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Wilier unveils high-end Rave SLR in both road and gravel builds

New lightweight bike is designed for everything from all-road riding to gravel racing, and takes tyres up to 42mm wide

Wilier has launched a new top-end range of Rave SLR bikes that are available in both road and gravel builds. These bikes don’t tread on the toes of the brand’s existing Filante SLR and the 0 SLR road race bikes, but Wilier says that, depending on the configuration, they are perfect for both all-road riding and gravel racing.

2022 Wilier Rave SLR gravel - 1.jpeg

“If we translate performance into concrete aspects, it’s about a frame that is light, responsive (stiff where necessary) and features racing geometries,” says Wilier. “To create a light frame, we used the same carbon mix found in the Filante SLR and the Wilier 0 SLR

Read our review of the Wilier Filante SLR

2022 Wilier Rave SLR gravel action - 1.jpeg

“To create a reactive frame, we’ve channelled all the experience gained in the use of techno-polymers, mixing carbon with special viscoelastic fibres such as liquid crystal polymers. Construction technologies [have been] borrowed from those used for the Filante SLR and the Wilier 0 SLR, products that offer an excellent riding quality.”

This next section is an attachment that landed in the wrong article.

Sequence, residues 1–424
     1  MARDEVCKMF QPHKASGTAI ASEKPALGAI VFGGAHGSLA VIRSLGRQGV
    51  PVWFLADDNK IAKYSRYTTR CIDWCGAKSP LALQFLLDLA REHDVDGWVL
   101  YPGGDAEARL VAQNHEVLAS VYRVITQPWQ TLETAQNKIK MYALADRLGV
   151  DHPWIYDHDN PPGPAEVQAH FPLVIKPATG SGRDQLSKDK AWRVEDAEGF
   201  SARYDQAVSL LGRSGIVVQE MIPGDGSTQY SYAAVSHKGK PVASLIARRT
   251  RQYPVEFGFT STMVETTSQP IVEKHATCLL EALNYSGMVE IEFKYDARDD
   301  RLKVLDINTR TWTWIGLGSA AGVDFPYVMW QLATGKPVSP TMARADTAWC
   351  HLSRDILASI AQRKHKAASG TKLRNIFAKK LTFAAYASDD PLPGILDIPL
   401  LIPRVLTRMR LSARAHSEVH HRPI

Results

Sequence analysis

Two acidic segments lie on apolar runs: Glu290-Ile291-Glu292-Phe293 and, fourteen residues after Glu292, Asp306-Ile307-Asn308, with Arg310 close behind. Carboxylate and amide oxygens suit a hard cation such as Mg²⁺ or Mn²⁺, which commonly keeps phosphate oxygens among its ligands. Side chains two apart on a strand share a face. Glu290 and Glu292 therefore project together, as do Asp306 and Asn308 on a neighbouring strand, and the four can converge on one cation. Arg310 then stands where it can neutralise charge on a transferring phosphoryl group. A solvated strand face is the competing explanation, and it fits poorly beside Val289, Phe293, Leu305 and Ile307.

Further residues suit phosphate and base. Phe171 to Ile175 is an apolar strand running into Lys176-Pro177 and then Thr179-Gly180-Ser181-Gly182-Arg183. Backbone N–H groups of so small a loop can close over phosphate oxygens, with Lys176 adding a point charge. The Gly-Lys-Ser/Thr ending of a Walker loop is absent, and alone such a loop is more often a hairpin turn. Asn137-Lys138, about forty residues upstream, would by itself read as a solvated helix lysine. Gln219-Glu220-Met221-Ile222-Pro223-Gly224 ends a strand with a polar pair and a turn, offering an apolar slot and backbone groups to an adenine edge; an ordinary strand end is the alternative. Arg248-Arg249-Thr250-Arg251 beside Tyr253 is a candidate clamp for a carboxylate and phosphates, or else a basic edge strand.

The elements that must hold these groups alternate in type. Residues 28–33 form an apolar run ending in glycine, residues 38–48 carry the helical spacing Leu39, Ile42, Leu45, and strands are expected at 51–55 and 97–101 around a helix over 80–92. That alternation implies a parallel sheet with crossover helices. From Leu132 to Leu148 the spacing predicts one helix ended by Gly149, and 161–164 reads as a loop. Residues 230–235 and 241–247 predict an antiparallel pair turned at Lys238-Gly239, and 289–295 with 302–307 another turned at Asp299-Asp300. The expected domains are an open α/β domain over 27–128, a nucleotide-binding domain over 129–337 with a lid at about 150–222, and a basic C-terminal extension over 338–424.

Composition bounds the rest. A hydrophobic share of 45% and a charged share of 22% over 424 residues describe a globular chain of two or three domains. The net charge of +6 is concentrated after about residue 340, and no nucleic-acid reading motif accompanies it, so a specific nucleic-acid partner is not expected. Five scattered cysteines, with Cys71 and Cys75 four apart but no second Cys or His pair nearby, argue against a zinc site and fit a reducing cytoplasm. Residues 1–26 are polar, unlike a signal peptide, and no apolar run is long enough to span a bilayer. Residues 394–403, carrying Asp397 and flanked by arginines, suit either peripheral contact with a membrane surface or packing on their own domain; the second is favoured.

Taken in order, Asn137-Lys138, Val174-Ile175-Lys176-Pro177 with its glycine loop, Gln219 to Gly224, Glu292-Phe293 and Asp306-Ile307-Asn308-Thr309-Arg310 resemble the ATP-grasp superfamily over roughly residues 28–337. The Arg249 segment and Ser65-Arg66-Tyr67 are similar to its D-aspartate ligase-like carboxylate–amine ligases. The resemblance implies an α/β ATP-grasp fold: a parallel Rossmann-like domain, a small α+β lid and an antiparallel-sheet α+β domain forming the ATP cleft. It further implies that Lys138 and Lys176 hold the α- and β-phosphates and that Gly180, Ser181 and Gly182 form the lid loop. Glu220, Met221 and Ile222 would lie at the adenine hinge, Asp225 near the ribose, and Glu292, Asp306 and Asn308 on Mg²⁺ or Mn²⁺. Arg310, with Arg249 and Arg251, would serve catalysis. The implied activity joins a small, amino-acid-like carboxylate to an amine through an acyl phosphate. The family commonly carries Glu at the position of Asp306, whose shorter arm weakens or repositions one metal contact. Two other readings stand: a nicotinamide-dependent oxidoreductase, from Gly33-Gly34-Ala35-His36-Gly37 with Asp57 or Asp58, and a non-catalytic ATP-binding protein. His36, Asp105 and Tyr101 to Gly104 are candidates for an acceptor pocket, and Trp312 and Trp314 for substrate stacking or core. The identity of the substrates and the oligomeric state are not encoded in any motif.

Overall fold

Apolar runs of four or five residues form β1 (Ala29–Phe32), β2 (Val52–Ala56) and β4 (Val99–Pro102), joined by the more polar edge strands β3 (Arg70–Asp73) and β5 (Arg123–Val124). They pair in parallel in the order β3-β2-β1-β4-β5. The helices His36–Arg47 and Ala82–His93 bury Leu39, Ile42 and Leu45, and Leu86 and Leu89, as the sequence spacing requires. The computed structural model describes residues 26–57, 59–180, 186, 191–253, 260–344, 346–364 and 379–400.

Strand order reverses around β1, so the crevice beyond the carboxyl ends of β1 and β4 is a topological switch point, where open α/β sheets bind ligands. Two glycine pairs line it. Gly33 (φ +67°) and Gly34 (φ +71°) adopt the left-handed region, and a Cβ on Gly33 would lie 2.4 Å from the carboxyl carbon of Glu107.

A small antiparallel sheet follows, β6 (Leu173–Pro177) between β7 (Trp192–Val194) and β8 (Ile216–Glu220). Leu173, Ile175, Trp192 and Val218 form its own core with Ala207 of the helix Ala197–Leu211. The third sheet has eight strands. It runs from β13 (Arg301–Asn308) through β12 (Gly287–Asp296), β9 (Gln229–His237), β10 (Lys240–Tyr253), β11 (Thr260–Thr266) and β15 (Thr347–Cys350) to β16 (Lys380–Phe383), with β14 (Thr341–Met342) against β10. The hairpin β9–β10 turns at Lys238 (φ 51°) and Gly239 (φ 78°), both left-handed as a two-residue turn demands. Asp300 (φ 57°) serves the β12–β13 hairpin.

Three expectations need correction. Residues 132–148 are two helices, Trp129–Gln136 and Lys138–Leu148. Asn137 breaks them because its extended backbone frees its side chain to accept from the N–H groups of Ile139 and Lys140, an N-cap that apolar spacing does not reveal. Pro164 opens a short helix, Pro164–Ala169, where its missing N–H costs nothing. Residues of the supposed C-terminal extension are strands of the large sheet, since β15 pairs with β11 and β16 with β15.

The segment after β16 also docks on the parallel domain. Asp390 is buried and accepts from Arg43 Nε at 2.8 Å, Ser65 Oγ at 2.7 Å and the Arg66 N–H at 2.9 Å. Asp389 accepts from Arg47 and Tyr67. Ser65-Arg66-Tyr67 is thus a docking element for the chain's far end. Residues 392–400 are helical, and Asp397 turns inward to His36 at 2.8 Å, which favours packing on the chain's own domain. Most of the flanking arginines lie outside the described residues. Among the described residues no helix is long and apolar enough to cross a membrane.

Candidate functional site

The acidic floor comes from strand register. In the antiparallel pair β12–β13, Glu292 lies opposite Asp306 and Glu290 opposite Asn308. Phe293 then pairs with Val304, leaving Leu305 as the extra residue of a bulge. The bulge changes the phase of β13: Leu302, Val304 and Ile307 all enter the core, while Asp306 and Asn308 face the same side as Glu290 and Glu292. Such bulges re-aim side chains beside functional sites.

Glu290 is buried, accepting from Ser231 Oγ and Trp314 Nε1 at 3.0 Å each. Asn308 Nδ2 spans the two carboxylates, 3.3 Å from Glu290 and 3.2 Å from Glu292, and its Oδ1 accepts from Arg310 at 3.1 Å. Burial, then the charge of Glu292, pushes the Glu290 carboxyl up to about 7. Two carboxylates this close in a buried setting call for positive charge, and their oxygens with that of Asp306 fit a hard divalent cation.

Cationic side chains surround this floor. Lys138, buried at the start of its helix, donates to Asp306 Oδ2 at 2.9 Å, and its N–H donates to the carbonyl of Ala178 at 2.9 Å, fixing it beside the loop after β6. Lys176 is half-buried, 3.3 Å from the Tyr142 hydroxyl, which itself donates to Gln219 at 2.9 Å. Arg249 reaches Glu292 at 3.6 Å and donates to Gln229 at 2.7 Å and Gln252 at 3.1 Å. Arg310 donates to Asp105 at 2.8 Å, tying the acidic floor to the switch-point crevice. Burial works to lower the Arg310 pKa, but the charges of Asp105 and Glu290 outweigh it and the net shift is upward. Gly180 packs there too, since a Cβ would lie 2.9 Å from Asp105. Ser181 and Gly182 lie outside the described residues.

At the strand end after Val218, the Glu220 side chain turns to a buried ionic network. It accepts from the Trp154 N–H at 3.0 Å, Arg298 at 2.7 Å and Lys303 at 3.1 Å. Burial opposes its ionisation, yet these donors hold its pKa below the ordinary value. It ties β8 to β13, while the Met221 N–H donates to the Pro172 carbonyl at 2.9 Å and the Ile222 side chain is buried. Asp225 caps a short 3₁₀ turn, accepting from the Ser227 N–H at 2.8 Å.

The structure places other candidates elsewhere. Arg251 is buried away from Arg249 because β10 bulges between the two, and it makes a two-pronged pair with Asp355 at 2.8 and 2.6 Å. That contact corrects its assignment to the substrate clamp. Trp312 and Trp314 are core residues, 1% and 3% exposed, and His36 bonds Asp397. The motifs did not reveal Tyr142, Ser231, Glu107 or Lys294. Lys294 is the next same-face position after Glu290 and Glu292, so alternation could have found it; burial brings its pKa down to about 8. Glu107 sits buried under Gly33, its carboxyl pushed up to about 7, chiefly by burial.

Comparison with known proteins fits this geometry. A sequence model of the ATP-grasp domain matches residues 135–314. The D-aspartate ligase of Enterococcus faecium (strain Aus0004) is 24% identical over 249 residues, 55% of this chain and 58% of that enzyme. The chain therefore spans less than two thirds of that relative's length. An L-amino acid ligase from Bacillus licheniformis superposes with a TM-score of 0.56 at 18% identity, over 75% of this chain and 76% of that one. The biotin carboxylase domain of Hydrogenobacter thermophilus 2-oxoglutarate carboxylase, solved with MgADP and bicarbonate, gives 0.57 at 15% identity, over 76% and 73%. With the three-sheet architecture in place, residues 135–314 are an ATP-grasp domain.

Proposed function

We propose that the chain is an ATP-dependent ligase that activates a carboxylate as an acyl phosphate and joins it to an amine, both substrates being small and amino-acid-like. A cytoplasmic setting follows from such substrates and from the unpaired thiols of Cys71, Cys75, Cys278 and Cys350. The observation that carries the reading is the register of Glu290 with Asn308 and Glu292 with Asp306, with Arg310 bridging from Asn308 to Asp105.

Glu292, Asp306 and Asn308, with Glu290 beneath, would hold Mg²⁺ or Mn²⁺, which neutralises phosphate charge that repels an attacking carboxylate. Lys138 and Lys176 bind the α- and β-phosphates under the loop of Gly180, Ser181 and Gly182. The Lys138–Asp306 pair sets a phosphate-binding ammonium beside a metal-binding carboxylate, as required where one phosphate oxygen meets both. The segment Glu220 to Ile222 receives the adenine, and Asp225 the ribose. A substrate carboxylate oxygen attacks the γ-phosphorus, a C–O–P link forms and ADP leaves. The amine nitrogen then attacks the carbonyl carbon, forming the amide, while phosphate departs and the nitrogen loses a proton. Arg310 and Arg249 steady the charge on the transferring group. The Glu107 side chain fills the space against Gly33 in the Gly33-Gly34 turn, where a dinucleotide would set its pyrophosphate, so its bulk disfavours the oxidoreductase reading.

2022 Wilier Rave SLR gravel - 6.jpeg

Wilier claims weights of 950g (± 5%) for the frame and 415g (± 5%) for the fork, and says you can fit tyres up to 42mm wide on 700C wheels.

2022 Wilier Rave SLR gravel studio - 17.jpeg

Wilier offers different combined handlebars/stems depending on whether a particular model is designed primarily for gravel or road. The gravel J-Bar (above) is Wilier’s monocoque aero bar originally designed for its Jena bike. It has a split, V-shaped stem section, flared drops, and a claimed weight of 390g (± 5%, 430 x 95 version).

2022 Wilier Rave SLR road static - 9.jpeg

The 0-Bar used in the road builds is a monocoque too but it has a more conventional stem section. It is also lighter with a claimed weight of 330g (± 5%, 420 x 100 version).

Each bar takes the gear cables and brake hoses internally before routing them into the frame via a cavity in the composite headset spacers. These spacers are two-part, the different sections being separable, so you can remove them to adjust the front end height without needing to disconnect the hoses/cables. Most other brands are using similar systems for bikes with fully internal routing these days.

The Wilier Rave SLRs use Mavic’s Speed Release thru-axles. This system has been around for a few years now but if you’ve not come across it before, this is how it works…

You don’t need to remove the axle fully from the hub to take the wheel off your bike, making the process a little bit quicker. Wilier reckons it cuts wheel change times by an average of seven seconds compared with a traditional thru-axle system. Well, you know, it all adds up. It also means you’ll never find yourself scrabbling around to find the axle following a repair because it stays in the hub.

2022 Wilier Rave SLR gravel studio - 10.jpeg

The Rave SLR’s incorporation of the seatpost clamp is reminiscent of the 0 SLR’s, a step holding the wedge system in the angle between the top tube and the seat tube.

The Rave is designed to be race-focused and so does not have bosses for mudguards or racks.